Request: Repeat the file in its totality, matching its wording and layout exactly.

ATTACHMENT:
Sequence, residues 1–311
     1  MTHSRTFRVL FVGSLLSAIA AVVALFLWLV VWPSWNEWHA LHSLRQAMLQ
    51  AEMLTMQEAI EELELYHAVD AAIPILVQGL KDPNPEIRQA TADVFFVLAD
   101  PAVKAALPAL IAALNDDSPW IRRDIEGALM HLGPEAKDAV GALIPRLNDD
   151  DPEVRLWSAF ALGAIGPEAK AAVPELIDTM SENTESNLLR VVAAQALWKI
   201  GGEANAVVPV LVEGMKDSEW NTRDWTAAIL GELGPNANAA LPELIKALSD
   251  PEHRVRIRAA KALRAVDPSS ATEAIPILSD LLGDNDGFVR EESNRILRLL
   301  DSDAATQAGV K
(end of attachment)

Sequence, residues 1–311
     1  MTHSRTFRVL FVGSLLSAIA AVVALFLWLV VWPSWNEWHA LHSLRQAMLQ
    51  AEMLTMQEAI EELELYHAVD AAIPILVQGL KDPNPEIRQA TADVFFVLAD
   101  PAVKAALPAL IAALNDDSPW IRRDIEGALM HLGPEAKDAV GALIPRLNDD
   151  DPEVRLWSAF ALGAIGPEAK AAVPELIDTM SENTESNLLR VVAAQALWKI
   201  GGEANAVVPV LVEGMKDSEW NTRDWTAAIL GELGPNANAA LPELIKALSD
   251  PEHRVRIRAA KALRAVDPSS ATEAIPILSD LLGDNDGFVR EESNRILRLL
   301  DSDAATQAGV K